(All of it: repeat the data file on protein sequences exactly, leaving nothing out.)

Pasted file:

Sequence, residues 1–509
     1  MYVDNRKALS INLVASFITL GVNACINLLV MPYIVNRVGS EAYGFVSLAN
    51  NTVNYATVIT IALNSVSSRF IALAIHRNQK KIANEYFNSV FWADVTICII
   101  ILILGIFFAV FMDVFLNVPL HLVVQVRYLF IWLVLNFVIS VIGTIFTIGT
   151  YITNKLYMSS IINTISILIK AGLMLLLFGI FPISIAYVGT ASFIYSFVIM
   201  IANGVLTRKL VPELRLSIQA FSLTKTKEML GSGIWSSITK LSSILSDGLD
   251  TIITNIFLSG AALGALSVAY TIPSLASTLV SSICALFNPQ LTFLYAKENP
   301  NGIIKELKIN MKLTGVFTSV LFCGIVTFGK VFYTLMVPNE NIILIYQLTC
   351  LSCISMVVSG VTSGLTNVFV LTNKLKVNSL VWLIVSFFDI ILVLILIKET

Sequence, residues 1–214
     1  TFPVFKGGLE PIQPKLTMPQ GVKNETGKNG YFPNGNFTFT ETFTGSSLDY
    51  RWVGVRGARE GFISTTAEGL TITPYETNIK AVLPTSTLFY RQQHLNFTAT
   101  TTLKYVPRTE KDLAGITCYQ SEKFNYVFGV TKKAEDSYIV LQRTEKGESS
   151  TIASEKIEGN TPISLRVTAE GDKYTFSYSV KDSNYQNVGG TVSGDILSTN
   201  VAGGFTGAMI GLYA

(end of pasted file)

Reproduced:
Sequence, residues 1–509
     1  MYVDNRKALS INLVASFITL GVNACINLLV MPYIVNRVGS EAYGFVSLAN
    51  NTVNYATVIT IALNSVSSRF IALAIHRNQK KIANEYFNSV FWADVTICII
   101  ILILGIFFAV FMDVFLNVPL HLVVQVRYLF IWLVLNFVIS VIGTIFTIGT
   151  YITNKLYMSS IINTISILIK AGLMLLLFGI FPISIAYVGT ASFIYSFVIM
   201  IANGVLTRKL VPELRLSIQA FSLTKTKEML GSGIWSSITK LSSILSDGLD
   251  TIITNIFLSG AALGALSVAY TIPSLASTLV SSICALFNPQ LTFLYAKENP
   301  NGIIKELKIN MKLTGVFTSV LFCGIVTFGK VFYTLMVPNE NIILIYQLTC
   351  LSCISMVVSG VTSGLTNVFV LTNKLKVNSL VWLIVSFFDI ILVLILIKET

Sequence, residues 1–214
     1  TFPVFKGGLE PIQPKLTMPQ GVKNETGKNG YFPNGNFTFT ETFTGSSLDY
    51  RWVGVRGARE GFISTTAEGL TITPYETNIK AVLPTSTLFY RQQHLNFTAT
   101  TTLKYVPRTE KDLAGITCYQ SEKFNYVFGV TKKAEDSYIV LQRTEKGESS
   151  TIASEKIEGN TPISLRVTAE GDKYTFSYSV KDSNYQNVGG TVSGDILSTN
   201  VAGGFTGAMI GLYA